Awaze is dipped into so as to make food more flavourful with its berbere, red wine and mustard elements. It’s a perfect one-of-a-kind dip to have with non-spicy raw, cooked, or BBQed veggies. Despite its popularity back home you’d be hard pressed to find this here.

Ingredients can include: Un-spiced cayenne pepper, mustard, ginger, red wine, extra virgin olive oil, rue seed, sage, sea salt.

Earth Hour

Candles in dark

We’re a candle-lit only for Earth Hour.

We’d love to host you this evening. Please RSVP by phone 416-915-7225 or email.

Earth Hour, is a world-wide celebration where millions of people around the world turn off their lights for one hour to tackle the dual challenges facing the planet – climate change and loss of nature.

If you can’t make it there are some other fun things to do for Earth Hour in Toronto including nature ones with the family.

 

Photo: @waferboard

Eating with injera

Injera used in dish

Injera is both a flatbread, an eating utensil, and a plate. Pieces of injera are used to pick up bites of entrées and side dishes. When the entire “tablecloth” of injera is gone, the meal is over. Utensils are optional.

Injera is a sourdough-risen gluten-free flatbread with a slightly spongy texture. It’s traditionally made out of tiny, iron-rich teff seeds, which are ground into flour. It’s the national dish of Ethiopia and Eritrea and central to any meal in the region.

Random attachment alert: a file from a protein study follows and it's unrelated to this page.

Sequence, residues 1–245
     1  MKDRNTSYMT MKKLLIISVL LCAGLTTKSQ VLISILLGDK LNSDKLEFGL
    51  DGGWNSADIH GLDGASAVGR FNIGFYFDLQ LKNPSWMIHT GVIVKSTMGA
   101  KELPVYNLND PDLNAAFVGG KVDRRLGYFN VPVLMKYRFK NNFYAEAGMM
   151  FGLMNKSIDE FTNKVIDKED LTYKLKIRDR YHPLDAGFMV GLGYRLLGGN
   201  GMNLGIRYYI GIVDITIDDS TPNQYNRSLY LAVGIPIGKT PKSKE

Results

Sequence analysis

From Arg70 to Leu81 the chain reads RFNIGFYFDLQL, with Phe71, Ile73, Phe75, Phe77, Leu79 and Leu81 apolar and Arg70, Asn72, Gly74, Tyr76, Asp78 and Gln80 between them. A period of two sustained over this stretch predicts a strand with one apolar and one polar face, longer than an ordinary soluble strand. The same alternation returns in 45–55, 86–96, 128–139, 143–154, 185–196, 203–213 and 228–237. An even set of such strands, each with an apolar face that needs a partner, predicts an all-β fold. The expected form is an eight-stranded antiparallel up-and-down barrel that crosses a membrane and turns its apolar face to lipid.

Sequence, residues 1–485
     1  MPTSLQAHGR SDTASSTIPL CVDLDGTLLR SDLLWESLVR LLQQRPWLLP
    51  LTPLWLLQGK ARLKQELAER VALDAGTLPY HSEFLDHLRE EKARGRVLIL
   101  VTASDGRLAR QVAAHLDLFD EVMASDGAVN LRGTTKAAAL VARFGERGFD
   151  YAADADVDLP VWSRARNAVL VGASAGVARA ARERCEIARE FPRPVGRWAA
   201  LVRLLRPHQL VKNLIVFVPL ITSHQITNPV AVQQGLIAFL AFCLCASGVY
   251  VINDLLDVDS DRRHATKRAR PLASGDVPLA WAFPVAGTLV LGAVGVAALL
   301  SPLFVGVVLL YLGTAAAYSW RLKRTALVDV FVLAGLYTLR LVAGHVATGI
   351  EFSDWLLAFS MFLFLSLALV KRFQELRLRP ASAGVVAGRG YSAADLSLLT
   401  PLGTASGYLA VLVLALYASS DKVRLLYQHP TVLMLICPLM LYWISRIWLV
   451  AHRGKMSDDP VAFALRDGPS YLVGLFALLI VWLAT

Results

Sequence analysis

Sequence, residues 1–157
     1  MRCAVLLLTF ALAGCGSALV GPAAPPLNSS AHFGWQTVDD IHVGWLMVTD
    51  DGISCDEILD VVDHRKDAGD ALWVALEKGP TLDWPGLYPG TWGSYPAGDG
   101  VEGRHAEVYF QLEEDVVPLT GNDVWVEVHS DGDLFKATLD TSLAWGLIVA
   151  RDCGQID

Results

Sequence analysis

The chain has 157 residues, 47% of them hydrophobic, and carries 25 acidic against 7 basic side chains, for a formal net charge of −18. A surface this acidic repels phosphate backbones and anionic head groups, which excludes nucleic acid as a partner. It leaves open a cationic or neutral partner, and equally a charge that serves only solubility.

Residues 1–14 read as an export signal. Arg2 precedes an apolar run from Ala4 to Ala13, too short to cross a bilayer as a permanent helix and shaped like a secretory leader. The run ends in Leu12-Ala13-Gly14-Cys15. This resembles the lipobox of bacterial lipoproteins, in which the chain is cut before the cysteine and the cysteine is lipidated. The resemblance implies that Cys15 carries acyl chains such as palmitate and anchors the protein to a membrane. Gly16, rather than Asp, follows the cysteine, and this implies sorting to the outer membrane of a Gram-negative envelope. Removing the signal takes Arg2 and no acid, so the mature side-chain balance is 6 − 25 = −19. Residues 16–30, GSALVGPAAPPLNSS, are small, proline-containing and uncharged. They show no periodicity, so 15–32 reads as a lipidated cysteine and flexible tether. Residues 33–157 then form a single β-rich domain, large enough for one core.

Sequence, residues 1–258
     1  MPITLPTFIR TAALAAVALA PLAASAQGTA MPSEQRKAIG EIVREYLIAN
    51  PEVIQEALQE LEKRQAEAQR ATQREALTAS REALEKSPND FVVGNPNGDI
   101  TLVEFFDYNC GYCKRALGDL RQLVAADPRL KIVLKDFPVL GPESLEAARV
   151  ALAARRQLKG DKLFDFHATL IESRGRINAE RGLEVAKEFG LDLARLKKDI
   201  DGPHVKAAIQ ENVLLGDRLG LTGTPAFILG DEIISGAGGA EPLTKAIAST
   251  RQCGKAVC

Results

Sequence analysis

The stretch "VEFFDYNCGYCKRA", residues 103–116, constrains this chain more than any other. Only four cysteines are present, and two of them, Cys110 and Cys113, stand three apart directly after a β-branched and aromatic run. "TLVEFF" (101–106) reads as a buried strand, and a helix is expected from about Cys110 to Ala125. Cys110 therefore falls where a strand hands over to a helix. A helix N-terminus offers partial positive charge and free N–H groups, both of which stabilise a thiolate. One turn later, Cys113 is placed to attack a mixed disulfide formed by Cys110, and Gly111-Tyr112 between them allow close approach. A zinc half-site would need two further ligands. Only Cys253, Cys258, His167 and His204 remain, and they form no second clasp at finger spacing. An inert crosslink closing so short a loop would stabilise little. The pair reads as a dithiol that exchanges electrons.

Teff production is limited to certain middle elevations with adequate rainfall, and, as it is a low-yield crop, and is it is relatively expensive for the average household. To make injera, teff flour is mixed with water. The fermentation process is triggered by adding ersho, obtained from previous fermentations. The mixture is then allowed to ferment for an average of two to three days, giving it a mildly sour taste. The injera is baked into large, flat pancakes. The production of teff dates back a few thousands years.

Selam is an Ethiopian and Eritrean restaurant. Join us at 812 Bloor St W in Toronto. We’re a 4 min walk east of Ossington Subway/Green P. 416-915-7225

Enjoy a coffee ceremony at Selam

Two woman with frankincense

A coffee ceremony brings relatives, neighbours and visitors together in Eritrea and Ethiopia. It’s a mark of great respect to be invited.

Green coffee beans are first roasted over an open flame in a pan then ground, boiled in a clay jebena jug, put through a sieve, and then served. Popcorn is offered as a snack. Traditionally loose grass is spread on the area where the coffee ceremony is held but we use a round grass plate.

We usually serve coffee from yirgacheffe. It’s not like other coffees. It has a distinctively fruity flavour profile and a bright, floral aroma. It is consistently ranks among the best coffee in the world, and certainly the among the best in Ethiopia itself. It’s widely considered to be from the birthplace of coffee. Ethiopia is the motherland of all Arabica coffee. When coffee was taken to other countries, people had to find ways to adapt it to the local climate. That’s Arabica coffee grows best in places that have climates similar to that of Ethiopia: mountainous, tropical, with moderate wet and dry seasons.

Selam is an Ethiopian and Eritrean restaurant. Join us at 812 Bloor St W in Toronto. We’re a 4 min walk east of Ossington Subway/Green P. 416-915-7225